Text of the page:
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The Downley School

“Learning, Growing and Succeeding Together”

Reading & Phonics

Reading Intent

Here at the Downley School we teach an enriching and diverse reading-based curriculum. We use a wide range of high-quality texts to engage and inspire reading and writing. At The Downley School we aim to teach the skills needed together with fostering a love and appreciation of reading and writing. We aim to create an environment where all children, no matter their background and starting point, read and write for enjoyment and understand that it is an essential skill for different purposes and audiences.

An integral aim for our teaching is to develop high standards of literacy in all children, essential for them to access the wider world and communicate freely. Pupils will be given opportunities to use their progressing English skills within a broad and balanced curriculum. This will provide opportunities to consolidate and practise taught literacy skills across a broad range of curriculum topics to embed lifelong learning and skills. English skills do not stand alone but are an integral part of all learning and wider life.  

In reading lessons at The Downley School, our lessons are based on curating high-quality book talk based on a diverse range of books often linked to the classes writing topic. This discussion is taught through explicit and precise modelling of the skills needed (prediction, sequencing, summarising, retrieval and inference). Our lessons are not based on questions but rather building the skills needed through visualisation, enriching discussion and sharing of opinions in a nurturing and engaging environment.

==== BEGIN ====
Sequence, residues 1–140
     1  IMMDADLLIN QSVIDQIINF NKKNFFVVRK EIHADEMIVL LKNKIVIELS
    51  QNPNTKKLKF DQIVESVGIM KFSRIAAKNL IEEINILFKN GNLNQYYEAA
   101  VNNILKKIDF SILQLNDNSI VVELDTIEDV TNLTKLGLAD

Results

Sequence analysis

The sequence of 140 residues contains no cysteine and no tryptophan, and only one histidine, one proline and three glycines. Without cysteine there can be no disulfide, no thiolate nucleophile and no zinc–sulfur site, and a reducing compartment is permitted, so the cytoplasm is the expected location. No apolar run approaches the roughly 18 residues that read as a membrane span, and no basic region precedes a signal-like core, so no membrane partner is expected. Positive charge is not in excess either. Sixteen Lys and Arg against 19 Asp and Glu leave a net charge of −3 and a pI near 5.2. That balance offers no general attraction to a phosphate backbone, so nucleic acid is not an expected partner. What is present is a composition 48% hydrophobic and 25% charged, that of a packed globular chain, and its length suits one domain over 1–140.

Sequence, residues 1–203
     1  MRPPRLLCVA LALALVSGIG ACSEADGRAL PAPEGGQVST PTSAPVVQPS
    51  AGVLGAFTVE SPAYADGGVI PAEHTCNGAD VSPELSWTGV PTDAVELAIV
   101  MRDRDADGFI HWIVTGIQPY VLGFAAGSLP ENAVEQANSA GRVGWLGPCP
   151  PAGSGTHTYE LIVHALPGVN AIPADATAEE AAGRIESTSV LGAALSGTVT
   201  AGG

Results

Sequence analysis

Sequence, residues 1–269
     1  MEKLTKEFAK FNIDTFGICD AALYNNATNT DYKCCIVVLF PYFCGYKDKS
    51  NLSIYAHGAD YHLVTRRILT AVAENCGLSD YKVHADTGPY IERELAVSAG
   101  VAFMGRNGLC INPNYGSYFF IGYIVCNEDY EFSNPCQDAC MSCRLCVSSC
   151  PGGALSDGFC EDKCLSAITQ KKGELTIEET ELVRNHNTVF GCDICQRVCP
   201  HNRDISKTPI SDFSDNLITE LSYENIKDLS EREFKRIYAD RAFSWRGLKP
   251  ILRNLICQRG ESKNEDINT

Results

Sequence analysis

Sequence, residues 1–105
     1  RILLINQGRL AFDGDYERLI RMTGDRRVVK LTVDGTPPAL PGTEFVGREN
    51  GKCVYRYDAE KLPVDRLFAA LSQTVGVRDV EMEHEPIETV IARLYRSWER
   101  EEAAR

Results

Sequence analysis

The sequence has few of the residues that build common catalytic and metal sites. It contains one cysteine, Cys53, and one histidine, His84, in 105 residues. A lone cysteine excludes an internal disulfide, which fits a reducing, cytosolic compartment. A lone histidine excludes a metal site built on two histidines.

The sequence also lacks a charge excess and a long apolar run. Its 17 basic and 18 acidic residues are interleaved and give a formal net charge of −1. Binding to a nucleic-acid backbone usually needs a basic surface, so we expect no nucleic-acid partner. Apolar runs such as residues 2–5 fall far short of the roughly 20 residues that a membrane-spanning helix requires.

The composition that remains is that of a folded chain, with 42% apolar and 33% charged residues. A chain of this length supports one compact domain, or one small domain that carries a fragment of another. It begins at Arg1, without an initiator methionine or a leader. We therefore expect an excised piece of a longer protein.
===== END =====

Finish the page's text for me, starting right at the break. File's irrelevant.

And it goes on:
At The Downley School we are passionate about reading and know the importance of promoting reading for pleasure and purpose and that it goes deeper than just being celebrated on World Book Day.  Our teachers have a passion for reading themselves and work hard to instil a love of reading and books in all our children. Reading is continuously promoted and celebrated and is at the heart our English curriculum. In all classes, adults and children read together and share books. A breadth of books are used to explore diversity and different genres.

Reading Implementation

At The Downley School we are working to ensure quality and consistency in the teaching of reading across the whole school. Every child will encounter high quality teaching and lessons that are inspiring, engaging and carefully planned and delivered for them to achieve. To do this, we ensure that all staff at The Downley School have expert knowledge and feel confident in teaching high quality writing lessons.  We do this by monitoring the quality teaching through regular learning walks and book looks. We aim to deliver a range of purposeful and specific CPD opportunities based on areas for improvement. This CPD is meaning that increasing consistency is been gained across the school. Where staff have less subject knowledge or confidence, they are supported through guided planning sessions with the English Leader and Assistant Head Teacher.

We are developing a whole school culture where there is a love of reading, and reading for both pleasure and purpose is highly valued; we aim to inspire every child to be a reader. We do this in several ways throughout the school day:

  • Every teacher reads aloud to their class every day with a designated spot on the timetable,
  • Daily reading lessons,
  • All classes have a weekly slot where they can visit the school library,
  • Class bookshelves,

Reading lessons

The whole school also takes part in taught reading lessons 3/4 times a week that are based on high-quality texts covering fiction and non-fiction throughout the school year. The focus of these lessons is to promote high quality book talk, deep understanding, and engagement in a range of texts that cover diversity, inclusion in line with the school’s values. The weekly timetable consists of three (KS1) or four (KS2) sessions a week.